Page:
• The Institute of Education Science (IES) has developed Standards for Excellence in Education Research (SEER) principles that focus on generating evidence to help decision makers determine what interventions are effective, for whom, and under what conditions. IES has also provided guidelines to help implement many of these principles, including ways to gauge which populations are likely to benefit from an intervention, how to document implementation in ways that can facilitate replication, and ways to assess the incremental costs of an intervention. IES has also provided new guidance to the Regional Educational Laboratories on ways to generate useful evidence on promising practices, even when the most rigorous impact methods are not feasible. This includes guidance on the types of data and methods that can account for differences in the backgrounds of students participating in an intervention and their peers in a comparison group.
  • AmeriCorps and others have developed tools for assessing scalability of interventions. AmeriCorps’ tools can help studies determine whether and how to replicate an intervention. Economist John List has identified other factors that can help organizations scale effective programs.
  • Foundations have supported grantees and researchers in building evidence. For the Bill & Melinda Gates Foundation, Mathematica has been helping grantees use evidence to pilot test and enhance their education programs. For this purpose, our staff developed a set of tools and are helping grantees use them. The William T. Grant Foundation has also sponsored many studies exploring ways to ensure evidence is useful and used by practitioners.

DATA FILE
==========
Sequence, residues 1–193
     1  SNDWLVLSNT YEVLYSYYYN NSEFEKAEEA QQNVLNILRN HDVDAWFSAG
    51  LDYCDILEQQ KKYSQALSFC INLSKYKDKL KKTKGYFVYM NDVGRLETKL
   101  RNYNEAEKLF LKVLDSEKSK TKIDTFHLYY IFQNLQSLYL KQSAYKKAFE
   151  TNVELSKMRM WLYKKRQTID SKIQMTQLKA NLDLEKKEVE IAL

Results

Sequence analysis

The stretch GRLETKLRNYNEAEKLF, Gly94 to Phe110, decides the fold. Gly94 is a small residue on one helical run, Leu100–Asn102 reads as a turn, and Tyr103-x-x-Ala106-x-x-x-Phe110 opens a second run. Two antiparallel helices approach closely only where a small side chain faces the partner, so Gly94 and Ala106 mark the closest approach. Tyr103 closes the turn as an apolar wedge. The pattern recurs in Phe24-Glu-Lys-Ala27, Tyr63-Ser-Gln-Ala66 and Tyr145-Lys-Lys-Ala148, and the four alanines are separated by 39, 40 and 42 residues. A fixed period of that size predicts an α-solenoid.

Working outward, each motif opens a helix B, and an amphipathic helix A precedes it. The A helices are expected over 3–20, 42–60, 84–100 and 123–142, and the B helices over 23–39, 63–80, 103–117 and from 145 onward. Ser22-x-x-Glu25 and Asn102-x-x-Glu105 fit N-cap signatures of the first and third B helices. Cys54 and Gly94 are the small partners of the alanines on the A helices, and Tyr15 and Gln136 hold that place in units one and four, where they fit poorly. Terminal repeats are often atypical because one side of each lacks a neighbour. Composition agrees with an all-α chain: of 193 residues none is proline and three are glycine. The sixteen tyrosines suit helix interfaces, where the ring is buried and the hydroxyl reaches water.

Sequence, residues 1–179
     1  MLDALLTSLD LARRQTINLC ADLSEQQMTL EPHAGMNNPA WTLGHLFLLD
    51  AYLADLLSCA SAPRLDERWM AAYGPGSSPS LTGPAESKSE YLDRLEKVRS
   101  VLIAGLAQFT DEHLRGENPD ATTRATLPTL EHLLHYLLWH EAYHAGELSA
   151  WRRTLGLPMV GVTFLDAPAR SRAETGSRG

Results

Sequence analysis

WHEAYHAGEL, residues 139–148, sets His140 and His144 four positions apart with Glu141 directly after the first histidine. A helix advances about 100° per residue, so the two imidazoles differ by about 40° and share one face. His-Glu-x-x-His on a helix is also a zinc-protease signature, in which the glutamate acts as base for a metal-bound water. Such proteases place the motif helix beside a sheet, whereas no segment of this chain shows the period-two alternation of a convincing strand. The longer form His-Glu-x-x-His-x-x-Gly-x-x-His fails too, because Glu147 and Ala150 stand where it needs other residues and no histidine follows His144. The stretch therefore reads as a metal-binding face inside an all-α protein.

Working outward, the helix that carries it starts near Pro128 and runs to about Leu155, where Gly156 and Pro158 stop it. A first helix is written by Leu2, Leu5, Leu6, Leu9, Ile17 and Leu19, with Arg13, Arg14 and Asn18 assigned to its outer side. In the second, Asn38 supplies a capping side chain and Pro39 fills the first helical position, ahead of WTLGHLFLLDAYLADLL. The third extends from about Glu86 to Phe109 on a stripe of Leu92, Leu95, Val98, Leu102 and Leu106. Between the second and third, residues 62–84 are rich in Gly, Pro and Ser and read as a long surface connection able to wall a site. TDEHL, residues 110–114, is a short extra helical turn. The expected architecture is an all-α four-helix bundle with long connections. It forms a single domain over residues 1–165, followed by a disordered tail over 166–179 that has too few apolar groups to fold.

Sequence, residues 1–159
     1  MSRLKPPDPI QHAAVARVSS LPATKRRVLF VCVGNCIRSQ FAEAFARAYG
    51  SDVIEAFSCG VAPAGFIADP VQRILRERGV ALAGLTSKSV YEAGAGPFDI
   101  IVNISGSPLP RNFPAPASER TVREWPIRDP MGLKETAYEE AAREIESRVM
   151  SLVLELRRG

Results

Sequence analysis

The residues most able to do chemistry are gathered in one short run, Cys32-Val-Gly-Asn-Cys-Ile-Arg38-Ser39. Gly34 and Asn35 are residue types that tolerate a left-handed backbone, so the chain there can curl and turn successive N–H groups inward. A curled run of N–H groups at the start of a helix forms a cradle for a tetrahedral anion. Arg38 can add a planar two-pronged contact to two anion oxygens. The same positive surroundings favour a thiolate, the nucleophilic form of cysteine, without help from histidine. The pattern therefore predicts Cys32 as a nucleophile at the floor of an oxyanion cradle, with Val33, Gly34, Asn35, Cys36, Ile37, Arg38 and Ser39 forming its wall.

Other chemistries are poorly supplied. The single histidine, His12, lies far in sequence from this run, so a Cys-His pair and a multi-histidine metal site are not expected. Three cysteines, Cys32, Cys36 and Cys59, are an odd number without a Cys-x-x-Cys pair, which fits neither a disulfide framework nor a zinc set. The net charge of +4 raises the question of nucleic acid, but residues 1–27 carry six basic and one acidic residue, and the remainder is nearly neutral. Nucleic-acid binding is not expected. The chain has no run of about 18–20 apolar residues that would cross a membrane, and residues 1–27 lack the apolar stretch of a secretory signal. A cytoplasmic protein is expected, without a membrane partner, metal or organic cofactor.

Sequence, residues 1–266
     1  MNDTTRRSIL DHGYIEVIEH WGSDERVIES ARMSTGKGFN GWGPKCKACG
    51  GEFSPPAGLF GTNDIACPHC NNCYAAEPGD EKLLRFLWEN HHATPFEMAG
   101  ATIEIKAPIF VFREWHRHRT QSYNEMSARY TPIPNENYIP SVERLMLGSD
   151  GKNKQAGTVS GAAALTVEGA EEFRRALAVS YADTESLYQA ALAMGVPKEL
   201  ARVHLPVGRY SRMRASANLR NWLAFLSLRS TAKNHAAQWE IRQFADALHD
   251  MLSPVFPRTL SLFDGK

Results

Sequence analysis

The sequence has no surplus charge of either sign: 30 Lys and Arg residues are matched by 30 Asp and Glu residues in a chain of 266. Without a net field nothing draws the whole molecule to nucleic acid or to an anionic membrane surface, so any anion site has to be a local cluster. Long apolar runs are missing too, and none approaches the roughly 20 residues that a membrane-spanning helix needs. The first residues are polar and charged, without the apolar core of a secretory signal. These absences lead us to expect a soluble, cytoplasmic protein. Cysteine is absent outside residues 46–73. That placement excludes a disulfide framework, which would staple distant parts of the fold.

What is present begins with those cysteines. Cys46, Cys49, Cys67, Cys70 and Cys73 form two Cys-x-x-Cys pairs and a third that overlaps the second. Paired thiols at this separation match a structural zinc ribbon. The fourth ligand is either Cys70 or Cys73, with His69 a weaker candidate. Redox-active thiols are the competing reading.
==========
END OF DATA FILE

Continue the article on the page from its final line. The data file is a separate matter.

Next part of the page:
Moving Forward

Policymakers, foundations, and researchers should continue to push forward in making evidence more useful and helping practitioners use relevant research. Those involved in supporting and disseminating research can contribute in a variety of ways:

  • Refining criteria for reviewing education evaluation proposals. In evaluating study proposals, funders should not focus exclusively on the rigor of impact estimates. They should also ask those proposing education evaluations to document an intervention in ways that can foster decision making and replication. Funding criteria should encourage research teams to assess the costs of an intervention, the generalizability of findings, and factors that could affect the challenges of replicating the intervention in particular contexts.
  • Conducting methodological research and developing relevant tools. More methodological research and tools are needed to improve evaluations. In particular, more tools are needed to assess the generalizability of findings and the replicability of interventions. These efforts could build on the guides sponsored by IES, the tools the Gates Foundation has been developing, the work of John List, and the scalability tools developed by AmeriCorps.
  • Facilitating access and use of relevant, timely evidence. Research organizations and funders can make it easier for decision makers to identify and assess potentially relevant evidence. This could mean refining existing clearinghouses to provide more information on how interventions were implemented and whether and how they might be replicated. There also should be some way for decision makers to access evidence that may not meet the most rigorous standards but does use acceptable statistical methods for gauging whether an intervention is promising.

Thinking broadly and deeply about evidence is making education research more useful. The ideas offered here can further increase the utility and timeliness of evidence, thereby enhancing educational opportunities.